Papias and his witness to the development of the New Testament
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SubjectPapias,--Saint, Bishop of Hierapolis,--d. ca. 120.
Bible.--N.T.--Criticism, interpretation, etc.--History--Early church, ca. 30-600.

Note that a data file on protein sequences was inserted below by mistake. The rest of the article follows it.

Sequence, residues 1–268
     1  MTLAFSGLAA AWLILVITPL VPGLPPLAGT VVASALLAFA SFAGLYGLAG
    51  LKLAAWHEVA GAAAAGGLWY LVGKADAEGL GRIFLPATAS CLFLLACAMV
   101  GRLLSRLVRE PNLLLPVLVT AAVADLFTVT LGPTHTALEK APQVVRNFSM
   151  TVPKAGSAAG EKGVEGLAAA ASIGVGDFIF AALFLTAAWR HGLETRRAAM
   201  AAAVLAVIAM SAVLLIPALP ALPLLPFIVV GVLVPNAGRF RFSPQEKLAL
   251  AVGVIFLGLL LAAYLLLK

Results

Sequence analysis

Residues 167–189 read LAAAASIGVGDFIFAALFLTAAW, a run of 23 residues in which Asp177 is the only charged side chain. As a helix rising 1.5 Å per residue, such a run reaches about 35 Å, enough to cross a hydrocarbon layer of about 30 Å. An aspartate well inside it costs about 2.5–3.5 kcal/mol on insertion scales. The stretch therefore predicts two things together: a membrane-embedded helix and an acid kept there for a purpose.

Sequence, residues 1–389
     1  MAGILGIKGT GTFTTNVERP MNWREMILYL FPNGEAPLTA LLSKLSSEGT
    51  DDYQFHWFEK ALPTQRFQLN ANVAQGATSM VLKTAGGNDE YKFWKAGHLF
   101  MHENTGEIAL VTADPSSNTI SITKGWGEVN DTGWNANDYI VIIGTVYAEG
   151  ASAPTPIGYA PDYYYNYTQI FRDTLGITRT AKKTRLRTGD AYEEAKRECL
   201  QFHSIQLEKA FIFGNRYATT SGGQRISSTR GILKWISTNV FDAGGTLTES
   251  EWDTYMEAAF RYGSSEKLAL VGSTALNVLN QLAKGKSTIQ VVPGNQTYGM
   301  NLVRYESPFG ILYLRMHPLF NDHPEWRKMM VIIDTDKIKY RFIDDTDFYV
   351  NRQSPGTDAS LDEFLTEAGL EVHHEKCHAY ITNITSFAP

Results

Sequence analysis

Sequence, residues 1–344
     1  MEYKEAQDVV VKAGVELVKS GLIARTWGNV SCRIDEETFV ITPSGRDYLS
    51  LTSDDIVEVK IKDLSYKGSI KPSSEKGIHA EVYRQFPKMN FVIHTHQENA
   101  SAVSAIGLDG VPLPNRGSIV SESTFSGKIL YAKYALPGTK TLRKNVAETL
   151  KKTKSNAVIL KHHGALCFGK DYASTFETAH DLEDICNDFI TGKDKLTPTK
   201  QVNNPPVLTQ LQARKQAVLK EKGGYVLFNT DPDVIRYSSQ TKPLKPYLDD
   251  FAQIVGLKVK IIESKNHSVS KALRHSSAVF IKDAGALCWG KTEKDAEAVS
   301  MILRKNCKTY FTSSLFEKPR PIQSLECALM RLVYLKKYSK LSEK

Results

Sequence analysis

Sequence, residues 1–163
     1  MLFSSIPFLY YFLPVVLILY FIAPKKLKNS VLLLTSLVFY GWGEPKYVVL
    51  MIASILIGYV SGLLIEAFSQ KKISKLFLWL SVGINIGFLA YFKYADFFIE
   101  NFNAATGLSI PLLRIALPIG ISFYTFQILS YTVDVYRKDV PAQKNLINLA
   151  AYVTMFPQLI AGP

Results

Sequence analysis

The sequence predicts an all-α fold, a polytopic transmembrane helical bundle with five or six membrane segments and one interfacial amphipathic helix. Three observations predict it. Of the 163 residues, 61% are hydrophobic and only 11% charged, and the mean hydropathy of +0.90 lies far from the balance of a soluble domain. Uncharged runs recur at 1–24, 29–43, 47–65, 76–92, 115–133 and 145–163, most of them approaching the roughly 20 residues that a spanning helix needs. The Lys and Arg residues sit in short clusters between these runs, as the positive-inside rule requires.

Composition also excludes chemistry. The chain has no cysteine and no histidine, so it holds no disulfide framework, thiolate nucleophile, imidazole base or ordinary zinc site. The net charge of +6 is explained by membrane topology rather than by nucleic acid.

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This dissertation analyzed material that either refers to or is from Papias of Hierapolis. The product of this analysis is a biography of Papias and his understanding and attitude toward certain New Testament books. Chapter 1 introduces this dissertation's subject matter and thesis, as well as an explanation of its methodology and the need for research. Chapter 2 is a survey of the history of research. While many scholars often refer to Papias, this dissertation attempted to focus upon the most salient research about him and his times. Chapter 3 is a biography about Papias, his ethnicity, his historical context, his associations, his ministry, and his death. Chapter 4 provides a comprehensive analysis of the extant fragments of Papias. Attention is given to Papias's place in the church's history, his associations, and his awareness of and attitudes toward certain New Testament books. Chapter 5 is a summary of the findings of this dissertation as they relate to its thesis, after which it provides several conclusions and conjectures based upon those findings. Two appendices are included in this dissertation that address important issues with respect to research involving Papias. Although these appendices are not central to this dissertation, they are nevertheless critical to a comprehensive and cogent defense of its thesis. From the extant Papian fragments this dissertation finds that Papias was known to have been a student of the apostle John and other personal disciples of Jesus, and as such he received important traditions concerning the origins and authorship of several books of the New Testament. Having ascended to the office of a bishop, he labored to preserve these "apostolic" traditions, both written and oral, as he had received them and which he believed originated from Jesus Christ and his immediate followers. Moreover, Papias believed that these traditions should not be subject to redactions or subjective interpretations, but were to be preserved as they were received since they were by origin and nature the divine proclamations from and about the Lord Jesus Christ.